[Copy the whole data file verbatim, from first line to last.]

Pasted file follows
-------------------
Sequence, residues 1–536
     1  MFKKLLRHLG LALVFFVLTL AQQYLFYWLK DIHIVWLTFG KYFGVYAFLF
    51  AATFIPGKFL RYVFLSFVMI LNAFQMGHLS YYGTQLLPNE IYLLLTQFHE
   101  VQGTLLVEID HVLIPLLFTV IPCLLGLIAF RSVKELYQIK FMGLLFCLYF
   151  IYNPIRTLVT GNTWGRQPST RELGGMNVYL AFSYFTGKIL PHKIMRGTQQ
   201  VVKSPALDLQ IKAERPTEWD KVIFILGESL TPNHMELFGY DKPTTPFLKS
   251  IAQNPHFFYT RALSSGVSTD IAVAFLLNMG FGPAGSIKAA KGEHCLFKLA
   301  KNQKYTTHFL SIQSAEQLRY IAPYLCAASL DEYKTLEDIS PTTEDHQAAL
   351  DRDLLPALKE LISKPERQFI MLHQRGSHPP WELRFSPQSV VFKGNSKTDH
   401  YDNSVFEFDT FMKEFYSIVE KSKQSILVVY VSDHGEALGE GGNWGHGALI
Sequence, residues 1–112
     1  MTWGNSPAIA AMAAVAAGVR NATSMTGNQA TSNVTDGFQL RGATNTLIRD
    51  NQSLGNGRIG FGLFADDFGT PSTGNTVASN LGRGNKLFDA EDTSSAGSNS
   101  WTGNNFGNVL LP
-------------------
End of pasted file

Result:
Sequence, residues 1–536
     1  MFKKLLRHLG LALVFFVLTL AQQYLFYWLK DIHIVWLTFG KYFGVYAFLF
    51  AATFIPGKFL RYVFLSFVMI LNAFQMGHLS YYGTQLLPNE IYLLLTQFHE
   101  VQGTLLVEID HVLIPLLFTV IPCLLGLIAF RSVKELYQIK FMGLLFCLYF
   151  IYNPIRTLVT GNTWGRQPST RELGGMNVYL AFSYFTGKIL PHKIMRGTQQ
   201  VVKSPALDLQ IKAERPTEWD KVIFILGESL TPNHMELFGY DKPTTPFLKS
   251  IAQNPHFFYT RALSSGVSTD IAVAFLLNMG FGPAGSIKAA KGEHCLFKLA
   301  KNQKYTTHFL SIQSAEQLRY IAPYLCAASL DEYKTLEDIS PTTEDHQAAL
   351  DRDLLPALKE LISKPERQFI MLHQRGSHPP WELRFSPQSV VFKGNSKTDH
   401  YDNSVFEFDT FMKEFYSIVE KSKQSILVVY VSDHGEALGE GGNWGHGALI
Sequence, residues 1–112
     1  MTWGNSPAIA AMAAVAAGVR NATSMTGNQA TSNVTDGFQL RGATNTLIRD
    51  NQSLGNGRIG FGLFADDFGT PSTGNTVASN LGRGNKLFDA EDTSSAGSNS
   101  WTGNNFGNVL LP